Twenty-one completed pro-formas were returned from alcohol companies, 18 of which reported undertaking sponsorship activity. A total of 43 sponsored activities reported.
Almost half of the reported activities related to sports events, clubs, or teams, while a third related to music events or other cultural activities, including book, comedy and film festivals. Half of all the sponsorship activity was undertaken by the whisky sector and around a third accounted for by the beer and cider sector. In keeping with the principles of the Guidelines, all sponsored activities and events were targeted at audiences aged 18 and over. One third were targeted at audiences aged 25 and over and one third were not targeted at any specific age group in particular. None of the sponsored activities were aimed specifically at females, with around a third targeted at males and the remainder at both males and females.
Awareness and perceptions of the Guidelines
Self-reported knowledge of the Guidelines was generally high among industry representatives, particularly SGAIP members. Knowledge was lower among the three rights-holders interviewed, who tended to say that they could not actually remember seeing the Guidelines document, and were generally unaware of the detail contained within it. However, there was a sense in which rights-holders felt they did not require an in-depth knowledge of the document as their industry partners should, and do, inform them of their obligations in this regard.
While the research was focused primarily on SGAIP member organisations, which tend to be larger national alcohol companies, there was a perception that smaller alcohol companies will have a lower than average awareness of the Guidelines, and thus, may be less likely to comply with them.
Interpretation and implementation of the Guidelines
The review uncovered no major issues with regard to the interpretation of the Guidelines, and identified very few barriers to compliance. However, in addition to industry representatives feeling that compliance might be an issue among some smaller alcohol companies, there was a view that rights-holders could take on more responsibility for implementation.
Additionally, there were a number of suggestions for enhancing specific principles covered in the Guidelines, the most common of which were:
- clarifying what is meant by a 'recognisable commitment' to 'community or diversionary activities'
- providing more of a steer on what constitutes good practice in respect of the collection of demographic data for sponsored events or activities
- addressing the question of whether or not it is appropriate for children's replica clothing to feature branding for non-alcoholic versions of sponsors' products
- addressing the growth of online and digital communications in principles relating to the promotion of responsible drinking messages
- updating the guidelines on sampling to reflect the move to Challenge 25.
A number of recommendations flow from the research regarding the content of the Guidelines. Specifically:
- the SGAIP should consider adding to the Guidelines some case studies to illustrate what is meant by a 'recognisable commitment' to 'diversionary and community activities'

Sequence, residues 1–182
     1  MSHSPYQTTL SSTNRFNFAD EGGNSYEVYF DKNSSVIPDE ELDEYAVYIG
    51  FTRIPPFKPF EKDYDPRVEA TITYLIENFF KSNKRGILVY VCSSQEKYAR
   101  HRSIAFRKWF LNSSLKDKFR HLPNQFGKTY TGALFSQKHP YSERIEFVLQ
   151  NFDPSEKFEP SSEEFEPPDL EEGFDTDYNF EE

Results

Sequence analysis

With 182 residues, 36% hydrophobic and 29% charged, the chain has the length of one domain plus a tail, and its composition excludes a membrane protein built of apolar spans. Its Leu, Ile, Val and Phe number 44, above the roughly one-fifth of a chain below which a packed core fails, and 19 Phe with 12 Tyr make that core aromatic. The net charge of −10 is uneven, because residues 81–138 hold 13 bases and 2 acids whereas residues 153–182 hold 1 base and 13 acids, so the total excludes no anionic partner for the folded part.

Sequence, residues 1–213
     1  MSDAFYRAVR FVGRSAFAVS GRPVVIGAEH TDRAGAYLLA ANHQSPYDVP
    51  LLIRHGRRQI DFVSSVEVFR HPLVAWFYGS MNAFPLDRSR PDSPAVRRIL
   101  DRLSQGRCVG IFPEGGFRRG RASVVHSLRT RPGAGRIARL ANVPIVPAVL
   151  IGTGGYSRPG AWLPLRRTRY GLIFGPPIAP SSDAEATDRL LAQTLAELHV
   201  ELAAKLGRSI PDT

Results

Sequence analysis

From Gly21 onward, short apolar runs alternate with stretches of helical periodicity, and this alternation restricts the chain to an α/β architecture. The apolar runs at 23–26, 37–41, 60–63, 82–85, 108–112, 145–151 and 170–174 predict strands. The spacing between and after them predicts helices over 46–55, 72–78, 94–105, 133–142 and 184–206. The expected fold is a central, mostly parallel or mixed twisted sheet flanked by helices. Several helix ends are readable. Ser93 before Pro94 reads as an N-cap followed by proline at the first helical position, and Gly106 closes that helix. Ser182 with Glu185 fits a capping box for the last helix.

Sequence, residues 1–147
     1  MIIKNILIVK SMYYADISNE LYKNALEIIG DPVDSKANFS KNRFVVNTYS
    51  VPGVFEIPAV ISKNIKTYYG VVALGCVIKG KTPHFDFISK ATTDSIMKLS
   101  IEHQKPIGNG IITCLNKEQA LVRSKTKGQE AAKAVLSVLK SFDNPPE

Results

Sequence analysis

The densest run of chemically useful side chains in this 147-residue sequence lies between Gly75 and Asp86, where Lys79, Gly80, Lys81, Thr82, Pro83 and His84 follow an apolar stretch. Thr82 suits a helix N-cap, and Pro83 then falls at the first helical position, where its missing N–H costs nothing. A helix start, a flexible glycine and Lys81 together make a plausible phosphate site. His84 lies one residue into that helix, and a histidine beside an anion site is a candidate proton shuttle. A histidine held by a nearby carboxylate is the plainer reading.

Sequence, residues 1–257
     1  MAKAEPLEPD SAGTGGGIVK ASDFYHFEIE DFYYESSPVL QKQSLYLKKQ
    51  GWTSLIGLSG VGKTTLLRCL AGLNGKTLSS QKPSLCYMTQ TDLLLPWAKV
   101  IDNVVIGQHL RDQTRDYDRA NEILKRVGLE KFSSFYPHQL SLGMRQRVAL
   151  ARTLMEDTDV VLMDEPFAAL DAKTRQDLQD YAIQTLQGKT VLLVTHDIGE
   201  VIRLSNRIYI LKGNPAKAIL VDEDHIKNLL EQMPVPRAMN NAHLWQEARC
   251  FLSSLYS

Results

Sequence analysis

- it would be prudent to recommend that companies avoid sponsoring teams that could potentially comprise a majority of under 18s. In respect of the sponsorship of individuals, the SGAIP should be mindful of the view that an under 25 threshold should apply as per the Portman Group and Committee of Advertising Practice (CAP) guidelines, and consider whether this is an area it might review in the future
- the SGAIP should undertake a detailed review of the approaches alcohol companies take to collecting demographic data, with a view to identifying good practice to include in the Guidelines
- the wording of the principle relating to shirt sponsorship should be adapted, to address the issue of branding for non-alcoholic versions of sponsors' products appearing on replica shirts
- the principles relating to sampling should be updated to reflect the move to Challenge 25
- the SGAIP should consider addressing in the Guidelines the growth of online and digital communications - at a minimum, it would be helpful to include a reference to the Portman Group's digital marketing code and recommend that companies follow this.
In addition to these recommendations relating specifically to the Guidelines document, the findings of the review point towards actions that might be taken to help ensure compliance with the Guidelines in the future:
- raising awareness of the Guidelines among all those to whom they are applicable, particularly smaller companies that are not part of the SGAIP and rights-holders. Suggestions for raising awareness included using relevant existing events, forums or networks as "conduits for getting the information out there"
- developing a mechanism for identifying and addressing non-compliance - while some participants favoured the continuation of a self-regulatory approach, others felt that any monitoring should be conducted by an independent body, suggesting that this would be more credible than self-regulation and consequently may "pre-empt" any potential tightening of the Guidelines
- developing an online portal where the Guidelines and related documentation can be easily accessed - participants felt that an online portal would facilitate cross-referencing of the relevant legislation and codes, and serve as a vehicle for the sharing of ideas, experiences and best practice
- bringing greater consistency in sponsorship Guidelines across the UK and, indeed, between the UK and Europe - while it was recognised that consistency is complicated by the fact that legislation and policy priorities in respect of alcohol differ in Scotland and the rest of the UK, there was a view, and indeed an aspiration, that the Portman code will be loosely based around the Scottish Guidelines but include "caveats" referencing relevant variation in legislation and practice across the UK.
This document, along with full research report of the project, and further information about social and policy research commissioned and published on behalf of the Scottish Government, can be viewed on the Internet at: http://www.scotland.gov.uk/socialresearch. If you have any further queries about social research, please contact us at firstname.lastname@example.org or on 0131-244 7560.
Email: Iain MacAllister